Thursday, May 27, 2010

Betty and the Real World


Waiting For Deborah:

Deborah is so hard up that she has to go to British Home Stores to replenish her meagre wardrobe. It is described as a department store aiming for a less affluent crowd than Marks and Spencer. I'm thinking J.C. Penny's in relation to Macy's, perhaps? Her old friend gets to trot off to Liberty's.

Old Mrs. Vernon is allowed to eat Complan after Sir James sees her--a nourishing milky food. Yu...m.

The dreamy Sir James thinks Old Mrs. Vernon might someday be able to walk with a Zimmer frame--which sounds like a trapeze apparatus, but isn't. It's just an ordinary walker, to ordinary folks like you and me.

Deborah wants to borrow a special chair/tray from the Red Cross (here, I think Betty is betraying the fact that she was a nurse and would be expected to know that the Red Cross might be willing to part, even temporarily, with valuable medical equipment). The British Red Cross was formed in response to the Franco-Prussian war and their four values were, while noble, after careful consideration deemed too tedious to mention.

Sir James, that naughty boy, loosens Deborah's tongue with some Meursault 1989 Gauthay-Cadet. Sadly, I couldn't easily find info other than that Betty's publisher's should have spelled Gauthay as Gauthey.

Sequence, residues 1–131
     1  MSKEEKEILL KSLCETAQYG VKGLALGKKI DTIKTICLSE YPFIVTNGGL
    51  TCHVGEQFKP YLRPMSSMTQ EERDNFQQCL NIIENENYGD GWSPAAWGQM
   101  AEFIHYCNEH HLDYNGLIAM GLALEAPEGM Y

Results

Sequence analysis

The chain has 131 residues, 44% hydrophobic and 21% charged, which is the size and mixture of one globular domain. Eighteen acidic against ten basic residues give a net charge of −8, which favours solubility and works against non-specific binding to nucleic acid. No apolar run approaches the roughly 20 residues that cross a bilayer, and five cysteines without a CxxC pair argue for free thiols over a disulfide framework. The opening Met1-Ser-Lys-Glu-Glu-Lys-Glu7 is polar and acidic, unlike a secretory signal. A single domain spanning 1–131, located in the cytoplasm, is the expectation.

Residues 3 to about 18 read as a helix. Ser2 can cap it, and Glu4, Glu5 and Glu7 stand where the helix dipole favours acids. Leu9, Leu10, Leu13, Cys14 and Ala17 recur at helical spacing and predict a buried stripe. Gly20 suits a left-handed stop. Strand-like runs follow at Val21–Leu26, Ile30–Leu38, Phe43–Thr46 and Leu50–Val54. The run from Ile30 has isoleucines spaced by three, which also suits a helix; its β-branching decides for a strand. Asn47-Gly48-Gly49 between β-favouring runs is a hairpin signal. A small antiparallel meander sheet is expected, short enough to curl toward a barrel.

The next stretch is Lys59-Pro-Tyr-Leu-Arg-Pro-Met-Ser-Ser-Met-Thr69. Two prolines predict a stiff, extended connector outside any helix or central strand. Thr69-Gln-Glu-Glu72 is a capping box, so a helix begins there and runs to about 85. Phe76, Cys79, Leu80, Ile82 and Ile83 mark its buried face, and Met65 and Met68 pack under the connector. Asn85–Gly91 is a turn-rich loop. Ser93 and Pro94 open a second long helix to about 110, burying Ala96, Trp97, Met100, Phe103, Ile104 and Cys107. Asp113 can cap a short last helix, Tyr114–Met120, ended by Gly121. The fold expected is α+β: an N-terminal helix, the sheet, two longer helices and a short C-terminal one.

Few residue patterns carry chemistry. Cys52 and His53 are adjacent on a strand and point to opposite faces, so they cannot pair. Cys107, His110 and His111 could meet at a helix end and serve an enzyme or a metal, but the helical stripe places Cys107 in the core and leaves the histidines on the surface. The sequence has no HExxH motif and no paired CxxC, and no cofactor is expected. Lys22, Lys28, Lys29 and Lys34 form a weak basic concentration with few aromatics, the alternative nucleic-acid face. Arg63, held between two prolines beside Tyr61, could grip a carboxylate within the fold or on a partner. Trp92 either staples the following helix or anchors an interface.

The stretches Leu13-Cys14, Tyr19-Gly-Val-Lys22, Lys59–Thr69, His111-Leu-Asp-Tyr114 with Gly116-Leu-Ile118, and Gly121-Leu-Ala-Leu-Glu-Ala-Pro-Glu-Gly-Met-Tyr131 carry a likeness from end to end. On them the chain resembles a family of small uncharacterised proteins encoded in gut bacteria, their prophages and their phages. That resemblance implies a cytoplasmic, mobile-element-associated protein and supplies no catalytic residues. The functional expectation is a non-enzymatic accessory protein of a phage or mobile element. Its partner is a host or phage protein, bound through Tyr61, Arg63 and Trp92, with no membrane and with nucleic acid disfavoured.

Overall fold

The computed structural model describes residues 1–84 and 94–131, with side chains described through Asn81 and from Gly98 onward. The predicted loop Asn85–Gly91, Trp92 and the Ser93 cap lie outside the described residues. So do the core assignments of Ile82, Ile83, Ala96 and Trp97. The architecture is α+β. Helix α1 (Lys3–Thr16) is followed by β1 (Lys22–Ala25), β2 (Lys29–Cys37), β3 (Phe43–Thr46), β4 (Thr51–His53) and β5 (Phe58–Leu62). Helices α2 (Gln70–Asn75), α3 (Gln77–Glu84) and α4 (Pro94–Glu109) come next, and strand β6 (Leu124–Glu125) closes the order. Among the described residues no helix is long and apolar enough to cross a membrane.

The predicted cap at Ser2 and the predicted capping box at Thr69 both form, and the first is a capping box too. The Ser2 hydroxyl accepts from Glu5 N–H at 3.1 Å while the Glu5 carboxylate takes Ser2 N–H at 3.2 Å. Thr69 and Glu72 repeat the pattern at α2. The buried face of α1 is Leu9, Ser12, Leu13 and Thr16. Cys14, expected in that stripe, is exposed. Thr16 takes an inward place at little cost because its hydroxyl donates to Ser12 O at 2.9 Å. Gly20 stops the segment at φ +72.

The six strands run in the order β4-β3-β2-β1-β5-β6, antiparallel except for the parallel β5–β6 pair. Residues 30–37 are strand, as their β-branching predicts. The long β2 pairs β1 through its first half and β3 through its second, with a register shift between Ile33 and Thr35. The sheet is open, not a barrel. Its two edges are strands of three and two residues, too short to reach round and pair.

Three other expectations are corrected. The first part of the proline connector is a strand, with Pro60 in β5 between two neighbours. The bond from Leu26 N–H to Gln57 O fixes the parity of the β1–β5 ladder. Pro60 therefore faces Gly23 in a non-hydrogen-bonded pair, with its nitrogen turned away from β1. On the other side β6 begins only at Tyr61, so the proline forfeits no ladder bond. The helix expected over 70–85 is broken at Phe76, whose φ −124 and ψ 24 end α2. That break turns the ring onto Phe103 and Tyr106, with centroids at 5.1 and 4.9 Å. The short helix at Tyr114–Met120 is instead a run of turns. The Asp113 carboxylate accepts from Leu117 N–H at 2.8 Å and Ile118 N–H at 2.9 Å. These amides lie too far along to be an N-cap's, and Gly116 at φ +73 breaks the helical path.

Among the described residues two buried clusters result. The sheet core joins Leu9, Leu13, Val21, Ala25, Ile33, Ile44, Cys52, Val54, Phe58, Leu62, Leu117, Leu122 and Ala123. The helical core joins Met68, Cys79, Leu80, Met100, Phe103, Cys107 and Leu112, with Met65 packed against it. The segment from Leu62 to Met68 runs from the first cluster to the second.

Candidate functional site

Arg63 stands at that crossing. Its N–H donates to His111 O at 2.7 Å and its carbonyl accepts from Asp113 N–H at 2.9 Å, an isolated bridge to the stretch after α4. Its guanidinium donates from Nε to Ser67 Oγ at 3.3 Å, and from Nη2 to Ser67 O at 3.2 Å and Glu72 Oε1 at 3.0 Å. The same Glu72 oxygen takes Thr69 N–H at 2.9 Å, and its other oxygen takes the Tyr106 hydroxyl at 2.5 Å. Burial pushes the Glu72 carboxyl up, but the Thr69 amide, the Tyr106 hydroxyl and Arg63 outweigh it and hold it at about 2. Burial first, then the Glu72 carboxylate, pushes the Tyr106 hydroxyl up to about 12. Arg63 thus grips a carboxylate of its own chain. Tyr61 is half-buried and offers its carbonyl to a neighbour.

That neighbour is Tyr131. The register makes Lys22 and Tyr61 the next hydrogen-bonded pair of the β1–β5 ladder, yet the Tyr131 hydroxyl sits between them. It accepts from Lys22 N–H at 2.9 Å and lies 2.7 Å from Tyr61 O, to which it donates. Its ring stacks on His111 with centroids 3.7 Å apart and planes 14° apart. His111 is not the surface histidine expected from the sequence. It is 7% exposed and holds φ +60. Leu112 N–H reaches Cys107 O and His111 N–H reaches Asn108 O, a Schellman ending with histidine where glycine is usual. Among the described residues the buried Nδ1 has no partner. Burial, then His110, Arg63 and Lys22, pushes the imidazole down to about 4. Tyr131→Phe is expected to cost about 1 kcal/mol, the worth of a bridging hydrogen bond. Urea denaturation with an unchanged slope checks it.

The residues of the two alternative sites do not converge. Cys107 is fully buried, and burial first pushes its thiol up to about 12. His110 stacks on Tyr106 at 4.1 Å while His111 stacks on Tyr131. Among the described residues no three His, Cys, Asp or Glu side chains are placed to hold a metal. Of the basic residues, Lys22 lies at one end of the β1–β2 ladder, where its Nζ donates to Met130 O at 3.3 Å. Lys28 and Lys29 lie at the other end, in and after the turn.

Sir James' house was built in 1550 and actual historical figures are mentioned and discussed. Edward VI gave it to James' family and Mary Tudor would have tried to take it back so they lay low until Elizabeth came into the throne. Now, as someone with who is a pretty big fan of the Reformation, I find that Henry VIII and his daughter make themselves so objectionable to me (and I get why others would find Elizabeth I a fun gal--I just don't) that I find myself often rooting for the other side on the micro level even while cheering them on on the macro. Riddle me that.

When Deborah flunks her exams, several girls suggest that she collect Social Security and go on the dole. Interestingly, UB40 was named after the form issued by the DHSS (Department of Health and Social Security) to those claiming unemployment benefit, the full name of which was Unemployment Benefit form 40. And now enjoy some reggae.

An Old-Fashioned Girl:

The only book Patience can find to read during the snowstorm is Beeton's Household Management. I found a whole blog dedicated to her. Wow. A little obsessive, right? A whole blog dedicated to a dead author? I mean who in their right mind...(Betty Keira, um...cough {point of order} cough...) So, hat's off to http://www.beingmrsbeeton.com/--for all your mid-Victorian housewifery needs.

Patience sings to Rosie--ending with "My Old Man's a Dustman" (it just makes me love her more). It's pretty clear that Patience was an only child raised by maiden aunts with a repertoire like that but my question is, when did she have time to frequent pubs?

Patience is employed as a general factotum. From the Latin, fac is do/make and totum is everything. (Google makes me look smart.) 'Everything' includes the flowers I suppose. Betty Debbie found a song with factotum in the title and it's a recognizable one at that. I give you Barber of Seville--Largo al factotum. Are you picturing Tom and Jerry in your mind's eye too?